jig is no exception. However, it is both simple and fast to make with
stuff you already have in your router box.
Cutting an Ellipse (with a router and jig) ( 6 MB, 1 minute 15 seconds)------
This is the final video in the ellipse series, and as you can see, it
takes much less time to cut the ellipse than to describe how to get
started on it.
Coping Crown Molding ( 41 MB, 8 minutes 18 seconds)
Video Coping Crown Molding (14 MB, 8 minutes 18
Note: These two links will take you to the top of this page where the
link to the video actually is. The reason is that there is a lot of
text regarding coping that you may want to read before watching the
Video Makita Power Planes. (20
MB, 3 minutes, 640 x 480)
Video Makita Power Planes. (
10 MB, 3 minutes, 320 x 240)
This short video shows how to modify Makita Power Planes to get a 3/16th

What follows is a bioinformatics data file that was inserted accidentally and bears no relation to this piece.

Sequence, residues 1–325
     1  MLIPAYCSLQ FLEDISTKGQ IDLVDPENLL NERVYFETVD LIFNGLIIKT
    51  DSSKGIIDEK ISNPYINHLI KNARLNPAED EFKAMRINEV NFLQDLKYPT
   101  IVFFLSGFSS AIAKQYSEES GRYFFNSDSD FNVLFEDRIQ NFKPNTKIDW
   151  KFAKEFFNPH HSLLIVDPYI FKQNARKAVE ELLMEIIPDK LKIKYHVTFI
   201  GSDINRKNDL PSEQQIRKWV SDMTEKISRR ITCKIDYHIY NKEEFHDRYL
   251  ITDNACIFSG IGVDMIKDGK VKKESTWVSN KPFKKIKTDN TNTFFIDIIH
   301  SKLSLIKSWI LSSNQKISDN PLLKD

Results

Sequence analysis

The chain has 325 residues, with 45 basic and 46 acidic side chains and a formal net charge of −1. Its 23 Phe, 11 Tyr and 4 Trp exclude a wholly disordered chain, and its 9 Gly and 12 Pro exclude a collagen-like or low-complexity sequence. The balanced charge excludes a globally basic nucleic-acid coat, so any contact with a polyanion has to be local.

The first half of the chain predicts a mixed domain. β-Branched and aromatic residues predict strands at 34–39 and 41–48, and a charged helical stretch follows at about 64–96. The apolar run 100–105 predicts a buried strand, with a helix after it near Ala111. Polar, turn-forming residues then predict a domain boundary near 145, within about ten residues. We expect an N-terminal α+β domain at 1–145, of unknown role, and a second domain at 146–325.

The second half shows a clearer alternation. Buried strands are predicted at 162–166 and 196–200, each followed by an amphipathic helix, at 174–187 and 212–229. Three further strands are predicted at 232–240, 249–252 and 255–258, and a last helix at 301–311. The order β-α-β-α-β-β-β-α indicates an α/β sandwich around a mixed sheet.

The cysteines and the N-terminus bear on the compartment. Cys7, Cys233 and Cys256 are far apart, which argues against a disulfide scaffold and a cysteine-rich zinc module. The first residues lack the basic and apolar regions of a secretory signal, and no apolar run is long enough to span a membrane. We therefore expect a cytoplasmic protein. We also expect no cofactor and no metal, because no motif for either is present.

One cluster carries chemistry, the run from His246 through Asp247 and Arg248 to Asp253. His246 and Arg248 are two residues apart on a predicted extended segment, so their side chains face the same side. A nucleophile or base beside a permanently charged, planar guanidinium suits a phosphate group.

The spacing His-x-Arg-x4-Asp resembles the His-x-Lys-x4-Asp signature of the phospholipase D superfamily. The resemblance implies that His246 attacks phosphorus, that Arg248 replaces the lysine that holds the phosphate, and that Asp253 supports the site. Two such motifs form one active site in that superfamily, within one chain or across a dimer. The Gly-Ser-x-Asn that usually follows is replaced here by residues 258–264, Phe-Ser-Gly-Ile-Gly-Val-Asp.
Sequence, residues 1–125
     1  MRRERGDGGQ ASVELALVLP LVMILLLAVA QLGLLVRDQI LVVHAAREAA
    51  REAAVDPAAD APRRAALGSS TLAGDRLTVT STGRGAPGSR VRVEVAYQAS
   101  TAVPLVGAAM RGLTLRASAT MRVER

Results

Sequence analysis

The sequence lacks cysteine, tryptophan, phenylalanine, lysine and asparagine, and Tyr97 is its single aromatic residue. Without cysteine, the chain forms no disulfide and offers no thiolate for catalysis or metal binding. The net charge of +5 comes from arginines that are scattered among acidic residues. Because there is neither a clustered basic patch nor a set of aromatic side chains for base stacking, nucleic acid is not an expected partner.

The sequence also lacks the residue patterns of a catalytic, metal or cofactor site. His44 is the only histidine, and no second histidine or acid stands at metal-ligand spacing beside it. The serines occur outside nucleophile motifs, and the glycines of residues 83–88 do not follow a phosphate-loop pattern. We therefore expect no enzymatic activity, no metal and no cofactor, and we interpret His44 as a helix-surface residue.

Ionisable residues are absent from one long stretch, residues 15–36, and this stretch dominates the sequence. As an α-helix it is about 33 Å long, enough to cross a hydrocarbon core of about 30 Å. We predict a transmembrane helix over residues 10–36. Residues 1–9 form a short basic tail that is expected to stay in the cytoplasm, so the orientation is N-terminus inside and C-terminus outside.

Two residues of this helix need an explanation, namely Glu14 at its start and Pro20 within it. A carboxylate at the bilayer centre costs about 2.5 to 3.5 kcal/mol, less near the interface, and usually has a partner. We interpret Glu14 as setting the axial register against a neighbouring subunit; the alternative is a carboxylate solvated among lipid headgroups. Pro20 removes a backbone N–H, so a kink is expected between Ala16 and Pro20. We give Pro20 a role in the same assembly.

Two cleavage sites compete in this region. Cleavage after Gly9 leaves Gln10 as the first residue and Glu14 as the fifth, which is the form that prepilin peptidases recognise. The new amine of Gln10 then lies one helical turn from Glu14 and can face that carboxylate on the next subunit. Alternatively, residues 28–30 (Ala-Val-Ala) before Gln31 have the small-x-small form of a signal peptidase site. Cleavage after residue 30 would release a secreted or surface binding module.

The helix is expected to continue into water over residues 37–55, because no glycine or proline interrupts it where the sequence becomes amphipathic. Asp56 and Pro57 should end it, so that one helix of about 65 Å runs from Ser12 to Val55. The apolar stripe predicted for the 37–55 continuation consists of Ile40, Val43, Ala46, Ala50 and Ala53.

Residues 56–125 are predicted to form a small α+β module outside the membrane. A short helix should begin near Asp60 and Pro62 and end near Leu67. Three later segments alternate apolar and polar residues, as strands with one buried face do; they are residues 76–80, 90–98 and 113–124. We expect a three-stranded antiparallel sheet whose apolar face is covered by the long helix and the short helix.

or more depth of cut per pass for more versatility.
Slotting casing for Biscuits. (25 MB, 2 minutes, 640 x 480)
Video Slotting casing for
Biscuits. ( 4.5 MB , 2 minutes, 320 x 240)
This short video shows the fastest way to slot casing that I have found,
without getting cocked slots.
Tweaking a Biscuit Jointer ( 7 MB, 2 minutes 57 seconds)-------
How to widen the biscuit slot on biscuit jointers, and why this should
be done. Tips on biscuit jointing and clamping MDF casing.
Plugging and un-plugging screw holes. ( 8.5 MB, 4 minutes 40 seconds).
Video: Plugging and un-plugging
screw holes. High Resolution (38 MB). Same length.
Tips on plugging screw holes and removing the plugs when they break
off down in the hole.
Un-copable crown molding. (5 MB, 3 min. 23 seconds.)
Recognizing Un-copable crown molding.
( 25 MB, 3 min. 23 seconds.
Clam Clamp Specs | Quips
Techniques | Film
Clip | Inventor's